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Monday, 13 July 2020

Tunisia's guest-of-honour programme at the Cairo Book Fair's announced

The Tunisian programme will features poets, writers and singers from the revolutionary town of Sidi Bouzid

Mohammed Saad , Friday 13 Jan 2012
Cairo Book Fair
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On Thursday, the General Egyptian Book Organisation (GEBO) declared the final number of publishers participating in the Cairo International Book Fair (CIBF): 745 from 29 countries, including 498 Egyptian, 215 Arab, and 32 non-Arab publishers.
 

On the other hand, the Tunisian ambassador to Egypt Mahmoud Al-Khoumairi announced the Tunisian guest-of-honour cultural programme, which will bring to CIBF poets, writers and singers — many from the south, where the revolution first broke out in Sidi Bouzid.“Tunisia is eager to provide a rich cultural programme during the fair,” Al-Khoumairi said, “to reflect the new government’s policy of promoting the arts. We see the Egyptian guest-of-honour invitation as an expression of the great value of the Tunisian and Egyptian revolutions.”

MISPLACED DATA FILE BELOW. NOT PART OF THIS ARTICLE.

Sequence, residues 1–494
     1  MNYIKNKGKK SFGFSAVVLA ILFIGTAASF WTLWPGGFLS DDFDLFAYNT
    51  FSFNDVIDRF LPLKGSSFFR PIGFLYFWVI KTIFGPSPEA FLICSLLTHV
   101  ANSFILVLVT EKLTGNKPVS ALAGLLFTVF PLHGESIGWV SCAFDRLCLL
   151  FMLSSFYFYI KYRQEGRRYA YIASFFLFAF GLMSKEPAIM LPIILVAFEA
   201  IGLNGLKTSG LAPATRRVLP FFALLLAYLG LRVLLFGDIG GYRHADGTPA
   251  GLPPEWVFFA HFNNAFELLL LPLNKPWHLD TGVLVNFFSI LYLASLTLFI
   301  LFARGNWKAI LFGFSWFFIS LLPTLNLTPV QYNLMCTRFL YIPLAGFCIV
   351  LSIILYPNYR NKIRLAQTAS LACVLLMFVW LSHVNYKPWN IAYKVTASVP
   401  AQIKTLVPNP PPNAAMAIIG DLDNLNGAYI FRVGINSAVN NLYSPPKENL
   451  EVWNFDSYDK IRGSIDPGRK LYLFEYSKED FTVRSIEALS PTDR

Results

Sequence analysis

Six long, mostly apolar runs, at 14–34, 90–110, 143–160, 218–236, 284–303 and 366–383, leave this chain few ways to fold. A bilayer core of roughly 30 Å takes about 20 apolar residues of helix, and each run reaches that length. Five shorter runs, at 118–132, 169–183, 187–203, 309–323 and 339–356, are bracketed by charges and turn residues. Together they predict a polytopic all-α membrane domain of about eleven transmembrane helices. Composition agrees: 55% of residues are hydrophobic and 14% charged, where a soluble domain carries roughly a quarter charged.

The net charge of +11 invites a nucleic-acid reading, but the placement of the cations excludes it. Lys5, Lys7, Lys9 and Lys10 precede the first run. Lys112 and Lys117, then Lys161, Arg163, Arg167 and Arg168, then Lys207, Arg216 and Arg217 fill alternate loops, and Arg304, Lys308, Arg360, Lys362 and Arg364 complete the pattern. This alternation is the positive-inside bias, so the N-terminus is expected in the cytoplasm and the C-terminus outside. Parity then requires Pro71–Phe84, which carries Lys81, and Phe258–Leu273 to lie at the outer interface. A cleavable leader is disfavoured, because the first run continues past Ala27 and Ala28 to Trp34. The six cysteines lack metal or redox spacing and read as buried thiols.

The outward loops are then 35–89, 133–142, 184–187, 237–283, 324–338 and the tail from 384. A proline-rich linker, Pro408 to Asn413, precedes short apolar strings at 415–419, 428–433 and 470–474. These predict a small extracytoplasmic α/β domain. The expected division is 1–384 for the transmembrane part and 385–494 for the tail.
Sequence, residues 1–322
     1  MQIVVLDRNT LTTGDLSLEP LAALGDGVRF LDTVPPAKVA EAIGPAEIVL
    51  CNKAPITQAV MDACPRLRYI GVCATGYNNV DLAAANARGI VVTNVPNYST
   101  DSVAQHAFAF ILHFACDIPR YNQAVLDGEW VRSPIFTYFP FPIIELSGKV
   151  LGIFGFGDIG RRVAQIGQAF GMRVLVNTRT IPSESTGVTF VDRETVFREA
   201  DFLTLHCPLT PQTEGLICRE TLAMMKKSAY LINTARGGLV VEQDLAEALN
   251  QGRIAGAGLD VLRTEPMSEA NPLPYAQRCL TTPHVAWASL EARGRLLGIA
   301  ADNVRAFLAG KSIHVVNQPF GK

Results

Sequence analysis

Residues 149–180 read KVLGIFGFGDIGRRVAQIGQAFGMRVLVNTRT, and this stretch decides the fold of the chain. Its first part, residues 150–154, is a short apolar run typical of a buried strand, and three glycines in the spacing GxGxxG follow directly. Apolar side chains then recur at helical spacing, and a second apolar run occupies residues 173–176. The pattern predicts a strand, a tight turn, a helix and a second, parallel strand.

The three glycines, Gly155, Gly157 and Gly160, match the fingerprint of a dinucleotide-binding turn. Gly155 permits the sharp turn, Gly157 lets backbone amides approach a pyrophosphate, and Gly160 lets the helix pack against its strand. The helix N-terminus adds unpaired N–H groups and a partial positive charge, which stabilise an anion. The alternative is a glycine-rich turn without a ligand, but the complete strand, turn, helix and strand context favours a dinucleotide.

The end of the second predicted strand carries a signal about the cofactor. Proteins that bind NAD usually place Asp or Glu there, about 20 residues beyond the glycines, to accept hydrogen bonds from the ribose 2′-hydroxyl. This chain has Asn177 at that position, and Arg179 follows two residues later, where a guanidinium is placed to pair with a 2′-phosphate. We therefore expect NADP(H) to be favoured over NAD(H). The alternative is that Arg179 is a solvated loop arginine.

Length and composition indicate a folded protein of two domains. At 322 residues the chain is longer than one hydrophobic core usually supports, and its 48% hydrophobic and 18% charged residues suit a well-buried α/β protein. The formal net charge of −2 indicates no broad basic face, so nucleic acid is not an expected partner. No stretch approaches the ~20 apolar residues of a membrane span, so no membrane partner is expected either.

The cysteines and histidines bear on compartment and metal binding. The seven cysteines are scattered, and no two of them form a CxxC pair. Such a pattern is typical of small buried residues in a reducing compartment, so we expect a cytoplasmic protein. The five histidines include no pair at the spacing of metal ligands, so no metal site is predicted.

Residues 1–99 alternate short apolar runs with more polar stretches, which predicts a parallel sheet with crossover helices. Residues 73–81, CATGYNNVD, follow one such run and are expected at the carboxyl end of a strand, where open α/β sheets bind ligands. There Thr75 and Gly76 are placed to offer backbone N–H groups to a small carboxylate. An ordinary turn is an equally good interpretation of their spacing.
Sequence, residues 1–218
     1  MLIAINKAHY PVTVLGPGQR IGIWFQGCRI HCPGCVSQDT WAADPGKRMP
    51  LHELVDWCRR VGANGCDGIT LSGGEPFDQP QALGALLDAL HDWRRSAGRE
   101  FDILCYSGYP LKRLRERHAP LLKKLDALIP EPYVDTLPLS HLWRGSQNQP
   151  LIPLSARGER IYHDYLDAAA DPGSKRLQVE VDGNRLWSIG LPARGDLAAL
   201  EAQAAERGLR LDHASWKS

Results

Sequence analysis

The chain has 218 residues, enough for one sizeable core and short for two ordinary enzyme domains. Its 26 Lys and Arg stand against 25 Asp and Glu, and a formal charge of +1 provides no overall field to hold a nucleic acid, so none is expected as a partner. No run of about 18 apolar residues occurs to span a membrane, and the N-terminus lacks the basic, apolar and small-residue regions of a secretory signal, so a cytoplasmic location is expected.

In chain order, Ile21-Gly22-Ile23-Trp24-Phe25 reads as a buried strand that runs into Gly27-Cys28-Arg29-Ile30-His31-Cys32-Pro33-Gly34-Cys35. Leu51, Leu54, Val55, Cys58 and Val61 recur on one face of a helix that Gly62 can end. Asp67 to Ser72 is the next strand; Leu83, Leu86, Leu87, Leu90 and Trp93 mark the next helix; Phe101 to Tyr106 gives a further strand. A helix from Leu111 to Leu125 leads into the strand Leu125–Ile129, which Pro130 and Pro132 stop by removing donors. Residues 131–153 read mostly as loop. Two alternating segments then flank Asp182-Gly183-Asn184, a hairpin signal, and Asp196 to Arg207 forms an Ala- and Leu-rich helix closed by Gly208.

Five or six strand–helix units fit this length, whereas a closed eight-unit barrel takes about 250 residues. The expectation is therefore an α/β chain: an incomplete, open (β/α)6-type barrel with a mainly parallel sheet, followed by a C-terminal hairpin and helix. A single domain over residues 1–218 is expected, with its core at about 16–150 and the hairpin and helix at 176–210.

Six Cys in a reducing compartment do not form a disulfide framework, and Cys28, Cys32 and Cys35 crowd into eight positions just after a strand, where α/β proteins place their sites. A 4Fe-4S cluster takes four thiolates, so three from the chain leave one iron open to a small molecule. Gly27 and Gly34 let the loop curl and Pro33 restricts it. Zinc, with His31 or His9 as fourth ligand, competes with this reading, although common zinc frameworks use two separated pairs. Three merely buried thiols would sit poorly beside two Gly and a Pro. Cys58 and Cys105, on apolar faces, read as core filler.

The two revolutions being, of course, the main theme of the programme: literary events will also commemorate the well-known Tunisian writer Mahmoud Al-Mass’adi. According to Nouri Oubaidi, the head of the Tunisian Publishers’ Union, “Our hope is that the fair will be a step forward in promoting freedom of expression, the greatest gift of the Arab Spring.” Oubaidi said the union was keen on participating despite the confusion resulting from from frequent changes in the date of the event. “You will meet new faces from Tunisia this year, faces that had been repressed by the Ben Ali regime, who will come to the fair and express their views with freedom.”
 

Mohammed Rashad, the head of the Egyptian Publishers Union, believes that the Tunisian Publishers Union taking over the management of Tunisian publishers’ affairs is one of the greatest gains of the Tunisian revolution — unlike its Egyptian counterpart, where GEBO still controls the management of book fairs including CIBF. “The union’s relationship with GEBO has changed dramatically after the revolution,” however, Rashad says. “Now we discuss things and listen to each other unlike before, when GEBO would impose its opinion no matter what, but we still hope the union will take over managing the book fair.”
 

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